A hacker has published a list of one-line exploits aimed at theft credentials of approximately 50.000 Fortinet VPNs Appliances. The list of vulnerable targets includes domains owned by banks and government agencies around the world. The vulnerability reported is CVE-2018-13379, a path-traversal vulnerability affecting a large number of unmatched devices Fortinet FortiOS SSL VPN. Taking advantage of this vulnerability, the hackers can acquire access in system files via specially processed HTTP requests.
The exploits posted by the hacker allow access to files sslvpn_websession from Fortinet VPNs and stealing connection credentials. The stolen credentials can then be used to breach a network, as well as to develop ransomware. Although the 2018 vulnerability was publicly revealed a year ago, researchers have identified about 50.000 targets that are still vulnerable to attacks.
Last week, the threat intelligence analyst Bank_Security found a thread in a hacking forum, in which a cybercriminal shared a list of devices of about 50.000 such exploitable targets. After analyzing the list, it was found that among the vulnerable targets are government sectors from around the world, including banks and financial services companies.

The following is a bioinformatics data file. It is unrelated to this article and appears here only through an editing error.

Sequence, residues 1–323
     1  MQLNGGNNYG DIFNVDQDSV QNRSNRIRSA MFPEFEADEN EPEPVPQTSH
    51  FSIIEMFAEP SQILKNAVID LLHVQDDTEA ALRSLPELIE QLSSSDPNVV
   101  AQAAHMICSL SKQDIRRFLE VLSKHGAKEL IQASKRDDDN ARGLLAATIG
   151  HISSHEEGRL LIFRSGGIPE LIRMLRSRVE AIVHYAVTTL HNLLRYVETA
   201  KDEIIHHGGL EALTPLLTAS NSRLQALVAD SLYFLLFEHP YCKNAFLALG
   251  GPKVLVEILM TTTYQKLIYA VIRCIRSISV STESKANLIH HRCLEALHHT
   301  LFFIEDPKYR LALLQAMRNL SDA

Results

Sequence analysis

According to BleepingComputer, of the 50.000 domains, most belonged to banking, financial and government agencies. In addition, the Bank Security analyst told BleepingComputer that after seeing the hacker post on the forum, he began analyzing the list of IPs to determine if and to what extent the targeted organizations were affected. The analyst tried to identify the domain names associated with high-profile organizations and banks.
The analyst also pointed out that although this is an old and well-known vulnerability whose exploitation is relatively insignificant, organizations have "a very slow" process of repair, which allows attackers to continue to exploit known vulnerabilities.
It is worth noting that hackers have recently exploited the same vulnerability to violate the election systems of USA. Therefore, network administrators and security professionals are advised to correct this serious vulnerability immediately to prevent possible attacks.